My robot did my homework


Joey Skerbeck

OpenAI blocked at West Ottawa Public Schools

Joey Skerbeck

  As AI continues to make strides in its ability to mimic human thought and behavior, the question on everyone’s mind is: will it eventually pass the Turing test, a benchmark for determining whether a machine is capable of exhibiting intelligent behavior indistinguishable from a human?

   If you believe I wrote that, then it already has.

   The capability of technology is awe-inspiring but equally problematic. Using OpenAI, a program that reached a million users in a record-breaking five days, I simply asked, “Write a hook for an essay about artificial intelligence passing the Turing test.” Within moments, the AI provided me with a plagiarism-free hook. That prompted an intuitive concern: how do we value work if AI can create ideas?

   AI now commands the same respect as humans. With an unprecedented quantity of knowledge, machines shape our language and present convincing, original work. Websites now have the capability of writing essays that are indistinguishable from humans, presenting a moral dilemma for teachers and admissions counselors. 

   Any work, including this one, could be unoriginal in human nature, and there is no distinction for fair use. Our education system is spiraling into an existential crisis.

  “I have students who are using artificial intelligence, without a doubt,” West Ottawa teacher Shanna Meyer said. “I don’t think it’s cheating if it is used as a starting point, but if they turn it in as their own work, that is cheating.” Meyer said, “There are ways to crosscheck writing to the writer, but it is becoming increasingly more difficult to tell the difference.”

   New York City’s public school system has decided to block the website. Chalkbeat reported, The education department blocked access to the program, citing ‘negative impacts on student learning, and concerns regarding the safety and accuracy of content,’ a spokesperson said.”

   However, blocking the website does not prevent a student from completing assignments on their cell phone or home computer. Even at the collegiate level, students may use the tool to pass difficult tests, including the bar exam.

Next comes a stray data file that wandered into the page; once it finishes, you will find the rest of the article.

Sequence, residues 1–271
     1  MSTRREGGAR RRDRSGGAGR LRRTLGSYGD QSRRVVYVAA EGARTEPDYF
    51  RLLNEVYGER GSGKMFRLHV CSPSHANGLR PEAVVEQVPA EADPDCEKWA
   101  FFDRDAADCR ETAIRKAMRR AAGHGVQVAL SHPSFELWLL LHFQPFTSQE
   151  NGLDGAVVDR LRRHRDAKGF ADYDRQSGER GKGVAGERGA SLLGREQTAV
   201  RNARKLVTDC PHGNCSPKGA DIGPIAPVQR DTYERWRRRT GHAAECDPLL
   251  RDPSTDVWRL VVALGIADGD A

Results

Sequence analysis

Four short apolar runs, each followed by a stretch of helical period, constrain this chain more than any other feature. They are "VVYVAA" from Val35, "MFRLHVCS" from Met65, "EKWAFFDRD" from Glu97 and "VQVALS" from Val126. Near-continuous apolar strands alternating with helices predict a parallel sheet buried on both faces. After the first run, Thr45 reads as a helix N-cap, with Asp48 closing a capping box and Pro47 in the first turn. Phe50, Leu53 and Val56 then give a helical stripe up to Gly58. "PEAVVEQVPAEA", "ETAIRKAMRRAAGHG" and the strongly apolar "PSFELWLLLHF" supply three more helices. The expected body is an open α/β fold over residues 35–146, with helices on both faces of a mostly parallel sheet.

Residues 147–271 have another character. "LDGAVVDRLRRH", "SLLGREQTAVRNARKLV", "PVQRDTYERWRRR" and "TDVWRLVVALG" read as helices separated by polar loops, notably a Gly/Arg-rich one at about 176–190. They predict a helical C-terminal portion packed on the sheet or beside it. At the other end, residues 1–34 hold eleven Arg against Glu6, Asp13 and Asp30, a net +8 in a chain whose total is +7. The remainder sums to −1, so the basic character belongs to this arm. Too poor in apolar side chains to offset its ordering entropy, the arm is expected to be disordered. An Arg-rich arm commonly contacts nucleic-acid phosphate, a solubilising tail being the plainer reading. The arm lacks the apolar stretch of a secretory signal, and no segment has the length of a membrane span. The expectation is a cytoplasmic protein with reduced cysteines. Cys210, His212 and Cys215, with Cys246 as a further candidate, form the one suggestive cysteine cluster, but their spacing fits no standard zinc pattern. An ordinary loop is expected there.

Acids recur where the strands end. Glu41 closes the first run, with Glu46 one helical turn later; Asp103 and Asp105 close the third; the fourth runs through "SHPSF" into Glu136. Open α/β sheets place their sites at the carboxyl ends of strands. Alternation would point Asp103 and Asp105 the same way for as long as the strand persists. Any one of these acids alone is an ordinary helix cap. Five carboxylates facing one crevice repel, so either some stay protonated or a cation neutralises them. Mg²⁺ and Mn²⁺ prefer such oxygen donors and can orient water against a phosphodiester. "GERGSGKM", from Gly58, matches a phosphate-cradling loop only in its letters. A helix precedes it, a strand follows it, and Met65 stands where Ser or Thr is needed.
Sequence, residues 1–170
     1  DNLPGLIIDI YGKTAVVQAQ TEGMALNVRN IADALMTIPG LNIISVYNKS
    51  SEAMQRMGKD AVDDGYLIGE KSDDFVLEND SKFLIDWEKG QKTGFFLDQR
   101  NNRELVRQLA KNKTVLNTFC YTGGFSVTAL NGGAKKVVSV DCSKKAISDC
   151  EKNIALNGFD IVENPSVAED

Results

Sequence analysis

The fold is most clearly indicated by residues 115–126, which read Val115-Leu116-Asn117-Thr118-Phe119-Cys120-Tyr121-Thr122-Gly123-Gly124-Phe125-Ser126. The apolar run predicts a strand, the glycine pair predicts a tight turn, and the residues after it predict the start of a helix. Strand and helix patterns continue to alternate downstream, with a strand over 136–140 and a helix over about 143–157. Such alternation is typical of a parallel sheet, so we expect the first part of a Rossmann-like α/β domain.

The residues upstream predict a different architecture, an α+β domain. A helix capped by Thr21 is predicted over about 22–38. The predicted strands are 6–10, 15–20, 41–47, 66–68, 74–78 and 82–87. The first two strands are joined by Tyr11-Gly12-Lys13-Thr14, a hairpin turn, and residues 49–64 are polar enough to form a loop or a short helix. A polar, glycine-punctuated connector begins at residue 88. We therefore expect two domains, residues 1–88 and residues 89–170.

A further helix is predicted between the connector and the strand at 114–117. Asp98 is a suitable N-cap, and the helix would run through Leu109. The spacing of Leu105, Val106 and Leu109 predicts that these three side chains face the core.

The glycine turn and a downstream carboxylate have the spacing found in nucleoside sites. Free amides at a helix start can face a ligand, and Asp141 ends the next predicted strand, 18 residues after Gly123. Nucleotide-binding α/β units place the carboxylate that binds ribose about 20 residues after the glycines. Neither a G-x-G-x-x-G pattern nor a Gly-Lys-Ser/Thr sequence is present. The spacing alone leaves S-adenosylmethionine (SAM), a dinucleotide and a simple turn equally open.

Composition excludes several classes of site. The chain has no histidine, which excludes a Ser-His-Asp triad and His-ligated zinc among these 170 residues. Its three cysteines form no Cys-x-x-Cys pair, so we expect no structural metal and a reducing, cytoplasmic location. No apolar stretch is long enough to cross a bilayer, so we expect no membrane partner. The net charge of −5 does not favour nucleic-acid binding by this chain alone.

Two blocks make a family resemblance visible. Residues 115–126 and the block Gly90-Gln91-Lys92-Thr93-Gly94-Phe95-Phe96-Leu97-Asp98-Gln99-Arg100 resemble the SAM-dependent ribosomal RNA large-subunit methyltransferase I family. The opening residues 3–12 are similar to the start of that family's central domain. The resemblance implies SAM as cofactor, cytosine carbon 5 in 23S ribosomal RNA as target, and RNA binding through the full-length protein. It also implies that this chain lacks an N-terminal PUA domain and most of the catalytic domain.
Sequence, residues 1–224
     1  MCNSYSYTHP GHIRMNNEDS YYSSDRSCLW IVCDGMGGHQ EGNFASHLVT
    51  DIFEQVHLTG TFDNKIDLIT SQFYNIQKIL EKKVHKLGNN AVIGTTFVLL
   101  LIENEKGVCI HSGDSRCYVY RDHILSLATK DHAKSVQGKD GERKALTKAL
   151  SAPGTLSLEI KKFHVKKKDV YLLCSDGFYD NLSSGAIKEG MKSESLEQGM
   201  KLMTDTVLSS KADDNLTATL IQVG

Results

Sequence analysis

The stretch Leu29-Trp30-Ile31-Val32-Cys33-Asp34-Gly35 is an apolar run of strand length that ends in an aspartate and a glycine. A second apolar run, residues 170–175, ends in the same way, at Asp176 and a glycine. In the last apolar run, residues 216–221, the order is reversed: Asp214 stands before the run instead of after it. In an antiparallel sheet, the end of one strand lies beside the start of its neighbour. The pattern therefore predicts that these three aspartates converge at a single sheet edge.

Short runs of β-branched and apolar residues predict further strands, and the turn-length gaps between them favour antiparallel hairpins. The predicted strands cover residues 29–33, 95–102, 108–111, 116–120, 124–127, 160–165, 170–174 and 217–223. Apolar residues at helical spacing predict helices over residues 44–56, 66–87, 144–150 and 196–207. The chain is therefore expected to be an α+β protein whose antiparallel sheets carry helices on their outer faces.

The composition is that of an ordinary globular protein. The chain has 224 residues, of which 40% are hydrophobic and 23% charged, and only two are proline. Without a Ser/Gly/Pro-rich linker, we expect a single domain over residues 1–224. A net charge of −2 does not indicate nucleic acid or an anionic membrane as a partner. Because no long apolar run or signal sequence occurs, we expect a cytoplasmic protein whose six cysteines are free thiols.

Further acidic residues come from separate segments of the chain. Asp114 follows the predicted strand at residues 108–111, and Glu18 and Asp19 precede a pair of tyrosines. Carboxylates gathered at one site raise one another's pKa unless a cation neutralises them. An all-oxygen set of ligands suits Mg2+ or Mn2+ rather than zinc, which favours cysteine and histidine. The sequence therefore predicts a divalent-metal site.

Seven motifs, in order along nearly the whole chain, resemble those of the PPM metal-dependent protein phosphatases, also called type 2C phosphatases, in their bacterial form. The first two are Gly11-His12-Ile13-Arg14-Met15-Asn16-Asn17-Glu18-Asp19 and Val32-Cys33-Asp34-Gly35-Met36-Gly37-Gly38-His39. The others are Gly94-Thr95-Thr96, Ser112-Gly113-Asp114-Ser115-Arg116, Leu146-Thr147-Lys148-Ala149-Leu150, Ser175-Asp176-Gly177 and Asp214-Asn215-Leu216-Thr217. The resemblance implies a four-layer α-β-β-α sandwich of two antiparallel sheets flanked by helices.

A December research study conducted by students at Cornell University determined “GPT-3.5 achieves a headline correct rate of 50.3% on a complete NCBE MBE practice exam, significantly in excess of the 25% baseline guessing rate.” In specific categories of the bar exam, the AI had a correctness of up to 80%. In essence, the AI is already rendering the extreme investment humans spend preparing for the exam obsolete.

   We must redefine how we judge merit. We should not base the quality of a person solely on their work because technological innovation is inevitable. Limiting a person to their writing and test-taking is no more indicative of their worth than the cellphones in our pockets. Instead, meritocracy should be a measure of our constructive discourse, our empathy for the world, and our creative ability to construe ideas.

   Our profound ideas, which are rooted in devotion and meaning, come from a place of unselfconsciousness. Eugen Herrigel portrays that best in Zen in the Art of Archery: “You must learn to wait properly… by letting go of yourself, leaving yourself and everything you own behind you so decisively that nothing more is left of you but a purposeless tension.”

    In that purposeless tension, creativity culminates, and our unconscious mind strings together inspiration. We utilize our network of life experiences to create ideas. We build on that knowledge to create original work. We take pride in that originality, which reveals our character, ambitions, and, most significantly, merit.

   Educators and admission counselors must value our work through a holistic lens. There needs to be more emphasis on personal connections in college applications, such as in-person interviews. Students should critically examine and solve problems in the classroom instead of the monotonous take-home essays. 

   Instead of solely test-taking and writing, our ideas and relationships should be the measurements of our educational standings. AI has the potential to enhance our quality of work; however, the basis for critical thinking and our relationships with each other remain untouched.

   “We have to assess the quality of our ideas,” Sr. Julian Carrier said. “If the institution of society wants to make progress to a specific goal, we need to be far more philosophical with our approach to evaluating students,” Carrier said. 

   Carrier continued, “Ultimately, evaluating merit will become a huge cultural problem in society. There will be a large number of us that will become completely obsolete and valueless in our current system. If we care about general happiness, about people having purpose in their lives, then a change of mindset matters.”

   We must remain conscious of our purpose but unselfconscious of our ideas. We must not slip backward and lose our ability to critically think. Our achievements should be defined through our collaboration with one another. Taking the opportunity to build relationships and establish connections is critical. In our ever-changing technological landscape, our human experience unites us. 

   So, even if I wrote this original article, as renowned sci-fi author Dan Simmons put it, “We are not the only avatars of humanity.”